TIME mag just wrote a rave review for Keira Knightley in Anna Karenina. Knightley has been quietly challenging the roles she seemed destined to play with last year’s A Dangerous Method and now, with Anna Karenina. Richard Corliss writes of Knightley:
The novel has been filmed at least two dozen times, including silent and sound-movie versions, in 1927 and 1935, with Greta Garbo, and a 1948 film with Vivien Leigh. Two of the most incandescent stars of Hollywood’s Golden Age would be tough competition for Knightley, if she were playing the same kind of Anna. But guided by Wright, her director for Pride and Prejudice and Atonement, Knightley embodies Anna as a girlish woman who has never felt erotic love; once smitten, she is raised to heavenly ecstasy before tumbling into the abyss of shame. It’s a nervy performance, acutely attuned to the volcanic changes a naive creature must enjoy and endure on her first leap into mad passion. She helps make Anna Karenina an operatic romance worth singing about.
Philip French writes:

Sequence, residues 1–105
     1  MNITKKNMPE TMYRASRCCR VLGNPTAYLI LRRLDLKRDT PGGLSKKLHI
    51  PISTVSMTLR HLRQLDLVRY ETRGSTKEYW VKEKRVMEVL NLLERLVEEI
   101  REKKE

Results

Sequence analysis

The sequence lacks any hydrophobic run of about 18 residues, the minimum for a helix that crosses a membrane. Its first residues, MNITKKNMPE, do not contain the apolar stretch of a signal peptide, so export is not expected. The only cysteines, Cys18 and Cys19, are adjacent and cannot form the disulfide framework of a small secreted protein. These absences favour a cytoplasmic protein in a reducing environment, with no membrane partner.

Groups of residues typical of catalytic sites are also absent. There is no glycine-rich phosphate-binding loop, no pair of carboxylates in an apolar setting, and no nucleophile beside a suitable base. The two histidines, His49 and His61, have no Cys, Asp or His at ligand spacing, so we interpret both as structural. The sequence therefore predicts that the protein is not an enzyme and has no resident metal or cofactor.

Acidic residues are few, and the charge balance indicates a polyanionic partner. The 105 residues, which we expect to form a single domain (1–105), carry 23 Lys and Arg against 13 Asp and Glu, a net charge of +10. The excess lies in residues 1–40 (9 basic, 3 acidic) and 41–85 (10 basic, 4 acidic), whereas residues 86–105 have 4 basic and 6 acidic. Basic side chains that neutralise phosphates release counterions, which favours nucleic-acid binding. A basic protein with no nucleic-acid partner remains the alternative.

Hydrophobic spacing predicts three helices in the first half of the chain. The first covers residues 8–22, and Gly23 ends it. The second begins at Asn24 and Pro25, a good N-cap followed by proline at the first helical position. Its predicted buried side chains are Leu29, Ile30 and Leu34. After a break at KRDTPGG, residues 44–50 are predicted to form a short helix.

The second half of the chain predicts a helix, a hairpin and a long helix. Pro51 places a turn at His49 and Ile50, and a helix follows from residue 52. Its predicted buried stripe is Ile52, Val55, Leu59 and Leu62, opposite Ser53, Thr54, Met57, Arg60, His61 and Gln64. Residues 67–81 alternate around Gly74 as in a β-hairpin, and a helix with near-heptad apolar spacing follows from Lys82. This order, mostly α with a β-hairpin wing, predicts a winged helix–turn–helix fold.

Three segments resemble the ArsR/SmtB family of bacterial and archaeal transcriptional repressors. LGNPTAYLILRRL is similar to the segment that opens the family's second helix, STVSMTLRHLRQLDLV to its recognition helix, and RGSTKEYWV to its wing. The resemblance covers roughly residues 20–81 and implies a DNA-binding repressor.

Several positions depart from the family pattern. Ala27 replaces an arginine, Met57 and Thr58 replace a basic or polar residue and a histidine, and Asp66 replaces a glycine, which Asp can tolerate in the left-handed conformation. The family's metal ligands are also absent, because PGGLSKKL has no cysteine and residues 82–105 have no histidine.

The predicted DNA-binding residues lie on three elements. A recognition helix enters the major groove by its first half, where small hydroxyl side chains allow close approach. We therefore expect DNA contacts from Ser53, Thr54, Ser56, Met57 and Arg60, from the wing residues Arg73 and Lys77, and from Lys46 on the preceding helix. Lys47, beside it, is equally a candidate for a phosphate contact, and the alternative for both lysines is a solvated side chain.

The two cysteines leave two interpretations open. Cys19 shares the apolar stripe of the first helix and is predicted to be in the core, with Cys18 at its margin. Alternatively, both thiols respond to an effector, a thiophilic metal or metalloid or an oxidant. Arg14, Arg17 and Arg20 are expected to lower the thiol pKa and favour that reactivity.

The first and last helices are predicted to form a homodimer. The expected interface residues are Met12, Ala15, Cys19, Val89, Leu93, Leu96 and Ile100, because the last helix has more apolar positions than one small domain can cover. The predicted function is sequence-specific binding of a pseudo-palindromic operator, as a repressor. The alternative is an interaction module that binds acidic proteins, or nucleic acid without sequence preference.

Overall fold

Still, Knightley’s Anna has the right combination of passion, confusion, cruelty and near madness, and there’s a brilliant moment (which comes out of the novel) where she reveals her physical revulsion for her husband by angrily criticising his irritating habit of cracking his knuckles.
But there is no getting around the fact that the film’s reception will be mixed. It appears as though Joe Wright turned and did something no one expected him to do – he filmed the Anna Karenina no one expected him to make. Did you all just think Anna Karenina would be kind of by-the-numbers Wright and Knightley? But the critics instead seemed half-baffled by it. It is perhaps one of those films you either go with or you don’t. Unfortunately, it is one of the few Big Oscar Movies with a plot that revolves around a female character. In fact, it might be the ONLY one. I’m rooting for it but haven’t yet seen it.